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Sam Lowe's blog on Enterprise IT

Wednesday, November 15, 2006

Changes in the Role of the Enterprise CTO

I was talking with Ade McCormack of Auridian a few weeks ago on the changing nature of CIO and CTO roles that we were seeing in the organisations that we work with or talk to (mostly Western Europe-based).

Ade has incorporated some of his thoughts on the subject into his regular column in the FT last week, and it is definitely worth a look for anyone interested in IT leadership. If you didn't see it in print on Wednesday, then FT subscribers can get to it here, or it's on Auridian's site here.

Ade proposes that for organisations to be able to make use of IT effectively in developing their business model and their operating model, the CIO role needs to be far closer to, focused on, and more respected by the lines of business and the board. He describes that in order to free up the CIO to do that, you need to take away the operational side of the traditional CIO role. He proposes that the CTO role in organisations should change so it moves beyond the 'cleverest techie' that it tends to be now to apply its understanding of the technology to take operational accountabilities. He then proposes that this new repurposed role could then be supported by managers with the people skills and operational focus to run the IT department machine.

I like a lot of what Ade describes here, it has a lot of overlap with what I see. The CTO role as it exists in some organisations today can be a strange one. It is a term that has come from technology-centric companies such as Telcos, IT vendors etc who clearly need a technology visionary at the top of the organisation. But it has then been transposed into non-tech organisations, becoming a badge assumed by the people with the best technology expertise. But that doesn't seem appropriate for many. It can be difficult to justify the value of having a chief technical individual without accountabilities for realisation in non-tech-centric industries. Without accountabilities, CTOs' offices can become a strange kind of retained in-house IT analyst organisation, which isn't linked to value as the business would define it, and doesn't exactly help with business-IT alignment.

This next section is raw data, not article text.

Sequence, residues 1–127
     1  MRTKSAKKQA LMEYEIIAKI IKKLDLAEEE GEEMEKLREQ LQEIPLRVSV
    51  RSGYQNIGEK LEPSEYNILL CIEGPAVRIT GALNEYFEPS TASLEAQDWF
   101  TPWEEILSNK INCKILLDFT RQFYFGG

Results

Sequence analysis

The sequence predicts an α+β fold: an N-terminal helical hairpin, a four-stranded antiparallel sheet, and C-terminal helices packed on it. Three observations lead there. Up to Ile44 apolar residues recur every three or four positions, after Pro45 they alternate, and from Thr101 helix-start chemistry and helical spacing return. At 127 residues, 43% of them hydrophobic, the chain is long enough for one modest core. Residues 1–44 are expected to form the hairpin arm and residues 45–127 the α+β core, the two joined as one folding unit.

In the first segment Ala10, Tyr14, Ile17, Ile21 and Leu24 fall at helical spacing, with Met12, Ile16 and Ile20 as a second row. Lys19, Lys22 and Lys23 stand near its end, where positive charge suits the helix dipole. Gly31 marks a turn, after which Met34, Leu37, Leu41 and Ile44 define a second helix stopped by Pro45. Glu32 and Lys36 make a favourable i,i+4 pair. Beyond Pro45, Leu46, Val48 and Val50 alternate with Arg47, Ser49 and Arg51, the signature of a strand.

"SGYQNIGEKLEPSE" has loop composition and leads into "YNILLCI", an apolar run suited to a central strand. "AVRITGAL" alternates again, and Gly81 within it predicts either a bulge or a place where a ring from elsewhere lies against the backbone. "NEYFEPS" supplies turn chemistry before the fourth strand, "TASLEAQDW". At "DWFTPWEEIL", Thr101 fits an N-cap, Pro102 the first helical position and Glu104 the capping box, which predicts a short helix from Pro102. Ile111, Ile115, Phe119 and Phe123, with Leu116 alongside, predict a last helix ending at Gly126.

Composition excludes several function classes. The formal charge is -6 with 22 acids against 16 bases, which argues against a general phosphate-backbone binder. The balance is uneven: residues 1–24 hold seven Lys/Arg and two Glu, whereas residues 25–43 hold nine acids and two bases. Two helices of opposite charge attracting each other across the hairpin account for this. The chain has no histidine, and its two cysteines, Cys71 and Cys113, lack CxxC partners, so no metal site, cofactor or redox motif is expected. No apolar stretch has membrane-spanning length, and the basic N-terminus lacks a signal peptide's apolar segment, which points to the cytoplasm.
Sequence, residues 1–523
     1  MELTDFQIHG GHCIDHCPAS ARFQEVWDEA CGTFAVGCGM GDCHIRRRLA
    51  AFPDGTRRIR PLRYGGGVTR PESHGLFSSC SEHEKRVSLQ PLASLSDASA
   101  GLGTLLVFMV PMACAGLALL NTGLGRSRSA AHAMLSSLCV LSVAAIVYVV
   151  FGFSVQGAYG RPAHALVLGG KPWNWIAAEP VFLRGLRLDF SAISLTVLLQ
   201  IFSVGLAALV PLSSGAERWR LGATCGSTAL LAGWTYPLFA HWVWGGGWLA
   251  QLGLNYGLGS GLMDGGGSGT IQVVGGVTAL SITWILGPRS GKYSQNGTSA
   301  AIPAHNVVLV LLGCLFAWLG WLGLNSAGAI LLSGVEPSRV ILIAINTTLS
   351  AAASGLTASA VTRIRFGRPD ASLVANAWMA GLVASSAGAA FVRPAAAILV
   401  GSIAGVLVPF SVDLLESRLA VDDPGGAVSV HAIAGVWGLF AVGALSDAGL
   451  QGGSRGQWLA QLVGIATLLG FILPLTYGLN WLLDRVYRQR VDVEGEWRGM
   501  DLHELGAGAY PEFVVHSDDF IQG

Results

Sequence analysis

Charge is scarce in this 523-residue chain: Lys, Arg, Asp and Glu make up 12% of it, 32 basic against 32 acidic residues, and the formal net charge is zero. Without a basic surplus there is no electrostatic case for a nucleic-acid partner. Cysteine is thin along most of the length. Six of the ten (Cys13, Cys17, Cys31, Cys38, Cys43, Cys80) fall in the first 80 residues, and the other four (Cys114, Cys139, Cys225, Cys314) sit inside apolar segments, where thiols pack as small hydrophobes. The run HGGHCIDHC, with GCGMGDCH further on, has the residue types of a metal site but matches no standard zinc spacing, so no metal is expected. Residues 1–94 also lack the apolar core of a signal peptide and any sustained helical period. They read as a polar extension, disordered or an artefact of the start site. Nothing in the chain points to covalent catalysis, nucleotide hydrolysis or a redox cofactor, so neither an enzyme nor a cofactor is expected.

Of course outside of the US, organisations don't always use the terms CIO and CTO, indeed in the UK it's more common for the chief role to be IT director, however the same dynamics can still be seen. The value to decoupling operational and transformational focus, and the value of coupling technology strategy and realisation accountability both still apply.

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  • Sam,

    I have seen this model in action, with only seasoned management at the CTO level and chaos ensues as well. A non-technical CTO lacks the professional skills it takes to lead the organization effectively; however, they manage the day to day operations well enough. I agree with your comments about CTO being a part of management and accountable for business centric goals. My point is the CTO has to be both accountable for technical leadership, business goals, and a portion of IT management. I also agree with the added responsibility of CIO being closer to the lines of business. In a recent post on my blog, I noted a solution that eliminated the CIO role, and then split the responsibilities, pushing some up to the COO, and part of them down to the CTO.

    My post on the topic:

    Also commented on Management Rants post about a similar topic:


    By Anonymous Anonymous, at 3:17 a.m.  

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